Because patients are often unaware of the symptoms of periodontal disease, patient education software is key in ensuring that patients understand the seriousness of an infection. For example, when patients experience inflammation of the tissue or bleeding, they may be more reluctant to brush and floss, worsening their condition. Patient education software allows the hygienist — together with the patient — to examine tissue, measure pockets, check for plaque, and analyze vertical bone loss using digital X-rays. It is a most effective method to help patients understand the importance of periodontal care. If patients feel no pain or discomfort, and believe they are effectively removing plaque at home, they won't see the true value of regular periodontal exams. Patient education software plays a vital role in ensuring compliant home care.
If the patient has periodontal disease, patient education also serves to supplement the hygienists' explanation:
- By outlining what the disease is
- Reiterating how it affects the patient's oral health
- Explaining what can be done to treat the condition
Usually, patients do not examine their own mouth cavity closely. The details that patient education programs offer are a new experience for them. Follow-up videos or presentations reinforce the information given in the verbal explanation, increasing the likelihood that the patient will retain the information and comply with treatment.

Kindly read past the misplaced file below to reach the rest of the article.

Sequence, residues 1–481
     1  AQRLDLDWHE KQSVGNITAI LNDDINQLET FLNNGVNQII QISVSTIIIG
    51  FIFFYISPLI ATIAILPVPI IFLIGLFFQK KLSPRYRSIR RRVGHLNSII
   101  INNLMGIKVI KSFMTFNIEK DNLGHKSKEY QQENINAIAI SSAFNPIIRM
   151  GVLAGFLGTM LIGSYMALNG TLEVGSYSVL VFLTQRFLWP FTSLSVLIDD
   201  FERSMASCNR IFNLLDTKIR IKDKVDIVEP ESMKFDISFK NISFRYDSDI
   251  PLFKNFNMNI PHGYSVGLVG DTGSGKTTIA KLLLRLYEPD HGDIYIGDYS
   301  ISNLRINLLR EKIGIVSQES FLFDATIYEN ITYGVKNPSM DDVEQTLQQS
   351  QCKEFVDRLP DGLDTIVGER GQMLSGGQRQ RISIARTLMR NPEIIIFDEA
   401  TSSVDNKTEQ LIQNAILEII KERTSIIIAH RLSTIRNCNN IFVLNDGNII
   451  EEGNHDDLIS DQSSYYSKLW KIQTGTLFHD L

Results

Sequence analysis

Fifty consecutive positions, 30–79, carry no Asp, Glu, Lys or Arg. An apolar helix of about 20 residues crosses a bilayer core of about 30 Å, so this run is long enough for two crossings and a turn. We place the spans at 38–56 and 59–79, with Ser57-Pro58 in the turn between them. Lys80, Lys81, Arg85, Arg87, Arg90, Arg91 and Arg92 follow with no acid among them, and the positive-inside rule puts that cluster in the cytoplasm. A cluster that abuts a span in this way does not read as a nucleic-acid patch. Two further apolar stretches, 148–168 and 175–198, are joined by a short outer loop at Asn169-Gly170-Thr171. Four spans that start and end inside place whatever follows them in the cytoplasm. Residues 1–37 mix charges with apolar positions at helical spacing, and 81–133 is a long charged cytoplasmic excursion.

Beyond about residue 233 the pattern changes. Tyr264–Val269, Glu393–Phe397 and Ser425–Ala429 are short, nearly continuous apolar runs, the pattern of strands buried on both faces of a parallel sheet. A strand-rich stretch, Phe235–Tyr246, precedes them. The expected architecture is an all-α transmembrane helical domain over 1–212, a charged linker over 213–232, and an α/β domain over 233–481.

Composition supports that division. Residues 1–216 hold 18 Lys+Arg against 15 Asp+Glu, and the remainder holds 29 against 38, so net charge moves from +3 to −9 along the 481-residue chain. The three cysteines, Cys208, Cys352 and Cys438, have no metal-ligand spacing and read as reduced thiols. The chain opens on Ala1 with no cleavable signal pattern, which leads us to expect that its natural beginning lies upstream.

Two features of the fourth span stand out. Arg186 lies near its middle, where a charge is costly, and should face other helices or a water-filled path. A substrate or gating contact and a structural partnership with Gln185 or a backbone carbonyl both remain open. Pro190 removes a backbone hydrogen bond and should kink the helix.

Upon completion of the exam, the hygienist can then show a second presentation, one to two minutes in length, which explains overall health issues related to periodontal disease, such as heart disease, diabetes, respiratory problems, and low birth-weight babies. Similarly, scaling and root planing procedures also can be described and demonstrated prior to performing those portions of the dental hygiene visit.
In my experience, most people are visual learners, meaning they greatly appreciate and benefit from some sort of visual component when receiving information. Images, presentations, and other tools provided by patient education software serve as a great resource for highlighting and reinforcing the details of patient conditions, allowing them to collect information verbally and visually. The visual component makes patient compliance much easier by reinforcing the importance of their condition and how it affects not only their oral health, but also systemic health.